clock menu more-arrow no yes

Filed under:

Washington Nationals need Victor Robles to return to Gold Glove form in the outfield

New, 36 comments

With Kyle Schwarber and Juan Soto flanking him, the Nationals are counting on Victor Robles to rebound defensively...

Atlanta Braves v Washington Nationals Photo by G Fiume/Getty Images

Following a promising rookie season in 2019, the Washington Nationals thought they were watching Victor Robles begin to blossom into the All-Star center fielder they always thought he would be after signing him and refusing to trade him away while in minors.

The young Dominican slashed a solid .255/.326/.419 with 17 home runs and 28 stolen bases. But it was his breathtaking defense that really caught the eye, finishing the year as a Gold Glove finalist, showing off his superior range and fearsome arm frequently from center field.

Robles seemed primed to take another step forward at the plate and potentially go one step further in the field and take home a Gold Glove of his own. Then 2020 happened.

He was poor with the bat in the shortened season, falling to a measly .220/.293/.315 slash line, while his defense noticeably regressed too, looking far more sluggish in the outfield compared to his electric defensive-self in his rookie campaign.

Those struggles in the field weren’t something that escaped the gaze of General Manager, Mike Rizzo, who seemed to hint at a plan to get Robles back on form in the outfield when he spoke with reporters in December.

“To me, it’s all about history of players,” Rizzo said. “You go back to 2019, we were one of the top defensive outfields in the game and we won the World Series. I think that had a lot to do with it. Victor was one of the Gold Glove finalists, and at his age, I don’t see regressing that quickly.

“So I am going to put a little bit on preparation as far as the game plan going into the season. I think the COVID stop and go had a lot to do with how we came into camp, and believe me when I say that it’s been a conversation that we’ve had with our strength and conditioning coordinator, our manager, and our center fielder on several occasions.”

The defense of their young center fielder could become even more important to the success of the team in 2021.

This offseason, the Nationals have seemingly made the decision to shift Juan Soto back to right field, where he predominantly played in the minor leagues, while new acquisition Kyle Schwarber looks set to get the lion’s share of starts as the team’s left fielder.

While neither projects to be absolutely awful in the field, both are likely to fall in the below-average-to-average range in terms of their performance on defense in the outfield.

That puts a lot of pressure on Robles to get back to his 2019 form where he could’ve easily won a Gold Glove.

That begs the question, how does he return to form again defensively?

According to Statcast, Robles accumulated the most Outs Above Average in 2019. Something that was helped in large part due to what Statcast calls Burst, which ranked among the best in the major leagues in 2019.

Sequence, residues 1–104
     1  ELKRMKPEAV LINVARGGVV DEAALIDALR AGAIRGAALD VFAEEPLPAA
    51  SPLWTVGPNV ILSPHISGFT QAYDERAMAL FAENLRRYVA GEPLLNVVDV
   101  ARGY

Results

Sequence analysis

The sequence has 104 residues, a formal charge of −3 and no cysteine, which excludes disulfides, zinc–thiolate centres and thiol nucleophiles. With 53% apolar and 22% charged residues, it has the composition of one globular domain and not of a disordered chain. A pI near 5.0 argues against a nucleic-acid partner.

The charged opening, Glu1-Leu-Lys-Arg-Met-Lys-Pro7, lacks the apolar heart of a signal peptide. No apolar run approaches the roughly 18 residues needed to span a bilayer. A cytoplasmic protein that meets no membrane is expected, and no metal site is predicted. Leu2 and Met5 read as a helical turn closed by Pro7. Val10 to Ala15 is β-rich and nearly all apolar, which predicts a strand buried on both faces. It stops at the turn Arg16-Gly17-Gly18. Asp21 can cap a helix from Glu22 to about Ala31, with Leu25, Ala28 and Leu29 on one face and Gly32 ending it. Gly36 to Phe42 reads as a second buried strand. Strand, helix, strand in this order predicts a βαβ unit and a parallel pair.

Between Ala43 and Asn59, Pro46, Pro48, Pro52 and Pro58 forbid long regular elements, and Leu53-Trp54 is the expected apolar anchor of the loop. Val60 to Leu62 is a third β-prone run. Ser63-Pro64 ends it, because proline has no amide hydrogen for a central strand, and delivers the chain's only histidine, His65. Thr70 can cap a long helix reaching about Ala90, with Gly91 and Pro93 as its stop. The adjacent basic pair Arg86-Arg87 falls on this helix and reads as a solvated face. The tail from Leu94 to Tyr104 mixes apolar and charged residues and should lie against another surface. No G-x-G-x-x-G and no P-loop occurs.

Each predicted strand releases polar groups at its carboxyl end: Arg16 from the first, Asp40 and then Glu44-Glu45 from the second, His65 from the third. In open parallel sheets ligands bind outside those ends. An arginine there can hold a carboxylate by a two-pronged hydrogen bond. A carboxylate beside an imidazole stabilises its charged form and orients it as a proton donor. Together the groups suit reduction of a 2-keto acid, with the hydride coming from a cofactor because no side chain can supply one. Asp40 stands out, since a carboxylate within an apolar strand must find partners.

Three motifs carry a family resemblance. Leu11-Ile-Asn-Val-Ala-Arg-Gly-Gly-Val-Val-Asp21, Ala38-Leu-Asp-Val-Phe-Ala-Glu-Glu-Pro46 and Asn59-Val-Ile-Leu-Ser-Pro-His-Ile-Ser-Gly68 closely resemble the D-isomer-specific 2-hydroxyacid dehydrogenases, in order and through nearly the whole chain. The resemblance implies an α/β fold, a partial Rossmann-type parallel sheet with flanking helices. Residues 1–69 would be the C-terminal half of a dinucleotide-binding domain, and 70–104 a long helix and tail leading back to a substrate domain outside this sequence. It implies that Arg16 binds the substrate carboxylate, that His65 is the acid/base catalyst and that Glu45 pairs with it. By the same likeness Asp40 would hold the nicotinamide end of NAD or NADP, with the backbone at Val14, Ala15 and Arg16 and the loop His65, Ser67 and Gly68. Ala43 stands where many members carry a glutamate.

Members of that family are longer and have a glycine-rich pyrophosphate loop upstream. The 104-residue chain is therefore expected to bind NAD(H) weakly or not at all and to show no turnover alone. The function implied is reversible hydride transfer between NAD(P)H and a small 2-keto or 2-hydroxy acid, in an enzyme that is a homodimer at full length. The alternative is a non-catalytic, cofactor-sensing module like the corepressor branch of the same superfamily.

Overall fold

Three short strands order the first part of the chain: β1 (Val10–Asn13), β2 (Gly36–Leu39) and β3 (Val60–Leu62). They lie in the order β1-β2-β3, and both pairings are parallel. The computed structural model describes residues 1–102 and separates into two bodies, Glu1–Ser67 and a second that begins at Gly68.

Burst on Statcast is how much ground a player covers 1.5 seconds after the ball has been hit. Obviously, with the top-level speed that Robles displayed that season, it’s not a shock that he excelled in this area of the Statcast fielding metrics.

In 2020 though, Robles dropped from having one of the best Burst metrics in the league to below-average, according to Statcast, a clear sign that speed was his issue on defense.

“We talked to him about it,” manager Dave Martinez told reporters in December. “It’s a lot about agility drills, getting his quickness back.

“Like I said, he’s a beast. He’s got such an unbelievable physique, but he cannot lose his quickness, his speed, because that’s who he is, that’s how he plays, so with that being said, we’ve got eyes on him, I know [Strength and Conditioning Coach Matt Eiden] has been talking to him, the trainer there that’s been with him [in the Dominican Winter League].

“He wanted to play to hone in on his swing, and he is swinging a lot better. But I told him he’s going to have to spend January really, really focusing on his quickness and his speed.”

If Robles can find that same speed he had previously, which is entirely possible given his age — I doubt Father Time surprises 23-year-olds and saps them of their speed in an instant — then it will be crucial to an outfield that won’t have the defensive supporting cast.

The onus is now on Robles to show that 2020 was just an aberration as he looks to get back on track as a key piece for the Nationals next season and beyond.

“The biggest thing with Victor is he needs to create his own identity and know who he is,” Martinez told MLB Network earlier in January.

“I often talk to him about getting on base, hitting 40 doubles, scoring runs, being a better base runner, and being a Gold Glover every year, that’s what I envision Victor being.”